led to the development of protocols for internetworking, in which multiple separate networks
could be joined into a network of networks.
Access to the ARPANET was expanded in 1981 when the National Science
Foundation (NSF) funded the Computer Science Network(CSNET). In 1982, the Internet
protocol suite (TCP/IP) was introduced as the standard networking protocol on the
ARPANET. In the early 1980s the NSF funded the establishment for national
supercomputing centres at several universities, and provided interconnectivity in 1986 with
the NSFNET project, which also created network access to the supercomputer sites in the
United States from research and education organizations. Commercial Internet service
providers (ISPs) began to emerge in the late 1980s. The ARPANET was decommissioned in
1990. Private connections to the Internet by commercial entities became widespread quickly,
and the NSFNET was decommissioned in 1995, removing the last restrictions on the use of
the Internet to carry commercial traffic.
Since the mid-1990s, the Internet has had a revolutionary impact on culture and commerce,
including the rise of near-instant communication by electronic mail, instant messaging, voice
over Internet Protocol (VoIP) telephone calls, two-way interactive video calls, and the World
Wide Web with its discussion forums, blogs, social networking, and online shopping sites.
The research and education community continues to develop and use advanced networks such
as NSF's very high speed Backbone Network Service(vBNS), Internet2, and National
Lambda Rail. Increasing amounts of data are transmitted at higher and higher speeds over
fibre optic networks operating at 1-Gbit/s, 10-Gbit/s, or more. The Internet's takeover of the
global communication landscape was almost instant in historical terms: it only communicated
1% of the information flowing through two-way telecommunications networks in the year
1993, already 51% by 2000, and more than 97% of the telecommunicated information by
2007.Today the Internet continues to grow, driven by ever greater amounts of online
information, commerce, entertainment, and social networking.
1.3 ABOUT PROJECT LOON:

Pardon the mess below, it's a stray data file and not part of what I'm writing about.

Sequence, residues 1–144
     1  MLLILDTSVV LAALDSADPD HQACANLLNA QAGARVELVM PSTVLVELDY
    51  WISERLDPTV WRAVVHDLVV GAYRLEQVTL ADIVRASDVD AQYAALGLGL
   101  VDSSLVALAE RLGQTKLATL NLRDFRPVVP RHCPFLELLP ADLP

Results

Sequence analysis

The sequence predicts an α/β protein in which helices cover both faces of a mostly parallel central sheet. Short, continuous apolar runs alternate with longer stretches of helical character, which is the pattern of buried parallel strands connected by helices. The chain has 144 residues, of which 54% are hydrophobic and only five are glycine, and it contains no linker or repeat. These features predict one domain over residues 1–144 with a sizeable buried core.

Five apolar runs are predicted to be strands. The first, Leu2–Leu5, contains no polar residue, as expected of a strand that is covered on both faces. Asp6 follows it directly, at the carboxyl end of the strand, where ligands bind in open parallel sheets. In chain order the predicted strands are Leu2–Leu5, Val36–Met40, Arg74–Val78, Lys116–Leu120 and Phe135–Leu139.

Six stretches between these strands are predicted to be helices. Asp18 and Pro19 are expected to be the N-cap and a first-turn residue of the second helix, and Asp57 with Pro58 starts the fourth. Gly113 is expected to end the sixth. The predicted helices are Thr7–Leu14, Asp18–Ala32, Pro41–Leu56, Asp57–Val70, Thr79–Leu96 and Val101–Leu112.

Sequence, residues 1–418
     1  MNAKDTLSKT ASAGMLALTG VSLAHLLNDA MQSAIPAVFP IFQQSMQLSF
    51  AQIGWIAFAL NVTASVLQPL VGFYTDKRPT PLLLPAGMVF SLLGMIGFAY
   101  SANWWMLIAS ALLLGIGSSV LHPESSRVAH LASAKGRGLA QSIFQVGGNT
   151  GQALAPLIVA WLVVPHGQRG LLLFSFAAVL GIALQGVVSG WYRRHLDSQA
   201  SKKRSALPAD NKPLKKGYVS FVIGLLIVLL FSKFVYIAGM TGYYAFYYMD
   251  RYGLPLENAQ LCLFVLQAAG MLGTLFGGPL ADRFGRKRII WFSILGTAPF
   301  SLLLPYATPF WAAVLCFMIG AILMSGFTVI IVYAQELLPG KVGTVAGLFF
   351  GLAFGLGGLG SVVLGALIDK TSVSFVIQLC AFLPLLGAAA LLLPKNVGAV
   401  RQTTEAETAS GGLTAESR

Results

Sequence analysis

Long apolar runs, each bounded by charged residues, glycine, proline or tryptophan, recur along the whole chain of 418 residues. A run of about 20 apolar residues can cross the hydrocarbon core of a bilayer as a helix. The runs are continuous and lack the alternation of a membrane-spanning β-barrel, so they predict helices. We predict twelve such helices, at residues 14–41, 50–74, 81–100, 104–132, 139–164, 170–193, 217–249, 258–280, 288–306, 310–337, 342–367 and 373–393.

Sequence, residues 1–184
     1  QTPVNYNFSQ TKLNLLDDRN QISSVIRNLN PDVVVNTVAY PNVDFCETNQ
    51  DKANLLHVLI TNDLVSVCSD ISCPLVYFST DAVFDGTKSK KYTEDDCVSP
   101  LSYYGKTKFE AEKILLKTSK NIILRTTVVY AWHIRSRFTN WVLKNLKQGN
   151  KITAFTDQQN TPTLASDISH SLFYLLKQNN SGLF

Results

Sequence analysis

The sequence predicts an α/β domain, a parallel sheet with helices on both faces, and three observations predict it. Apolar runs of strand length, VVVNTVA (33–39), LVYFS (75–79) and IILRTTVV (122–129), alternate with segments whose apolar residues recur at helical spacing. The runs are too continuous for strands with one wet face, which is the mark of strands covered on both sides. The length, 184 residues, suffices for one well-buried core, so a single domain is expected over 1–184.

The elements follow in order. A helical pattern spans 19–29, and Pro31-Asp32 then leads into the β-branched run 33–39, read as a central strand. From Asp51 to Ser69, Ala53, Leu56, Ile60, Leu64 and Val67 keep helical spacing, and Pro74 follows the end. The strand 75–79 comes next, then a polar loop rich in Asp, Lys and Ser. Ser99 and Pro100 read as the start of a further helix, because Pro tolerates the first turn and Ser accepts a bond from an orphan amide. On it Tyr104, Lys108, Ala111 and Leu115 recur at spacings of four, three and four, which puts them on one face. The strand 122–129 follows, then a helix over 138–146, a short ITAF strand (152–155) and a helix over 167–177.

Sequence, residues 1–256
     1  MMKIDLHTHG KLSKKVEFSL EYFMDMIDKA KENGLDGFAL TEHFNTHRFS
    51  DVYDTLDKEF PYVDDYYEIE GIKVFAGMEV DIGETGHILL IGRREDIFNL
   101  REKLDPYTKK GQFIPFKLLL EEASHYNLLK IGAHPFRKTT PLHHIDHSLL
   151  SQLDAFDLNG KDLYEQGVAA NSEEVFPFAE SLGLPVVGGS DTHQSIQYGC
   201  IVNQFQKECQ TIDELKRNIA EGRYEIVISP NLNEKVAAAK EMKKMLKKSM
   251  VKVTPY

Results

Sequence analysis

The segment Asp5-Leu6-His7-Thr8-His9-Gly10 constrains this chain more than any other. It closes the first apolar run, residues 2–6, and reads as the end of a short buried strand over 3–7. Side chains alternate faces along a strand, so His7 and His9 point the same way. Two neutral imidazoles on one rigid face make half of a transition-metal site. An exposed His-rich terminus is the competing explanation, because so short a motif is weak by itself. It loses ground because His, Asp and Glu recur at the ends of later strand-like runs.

1.3.1. CONCEPT OF LOON:
Project loon is a research and development project being developed by Google. It is a
network of balloons travelling on the edge of space, designed to provide ubiquitous Internet
connectivity. The balloons float in the stratosphere, twice as high as airplanes and the
weather. They are carried around the Earth by winds and they can be steered by rising or
descending to an altitude with winds moving in the desired direction. People connect to the
balloon network using a special Internet antenna attached to their building. The signal
bounces from balloon to balloon, then to the global Internet back on Earth.
1.3.2. LOON OVERVIEW:
Project Loon balloons travel around 20 km above the Earth’s surface in the stratosphere.
Winds in the stratosphere are generally steady and slow-moving at between 5 and 20 mph,
and each layer of wind varies in direction and magnitude. Project Loon uses software
algorithms to determine where its balloons need to go, then moves each one into a layer of
wind blowing in the right direction. By moving with the wind, the balloons can be arranged
to form one large communications network situated between 10 km and 60 km altitude on the
edge of space, the stratosphere is named after the different strata, or layers, of wind within it.
But the extreme altitude also presents unique engineering challenges:
1. air pressure is 1% of that at sea level,
2. temperatures hover around -50°C, and
3. a thinner atmosphere offers less protection from the UV radiation and temperature
swings caused by the sun’s rays.
2.1 LOON DESIGN:
The loon is comprised of three parts: an envelope, solar panels and equipment.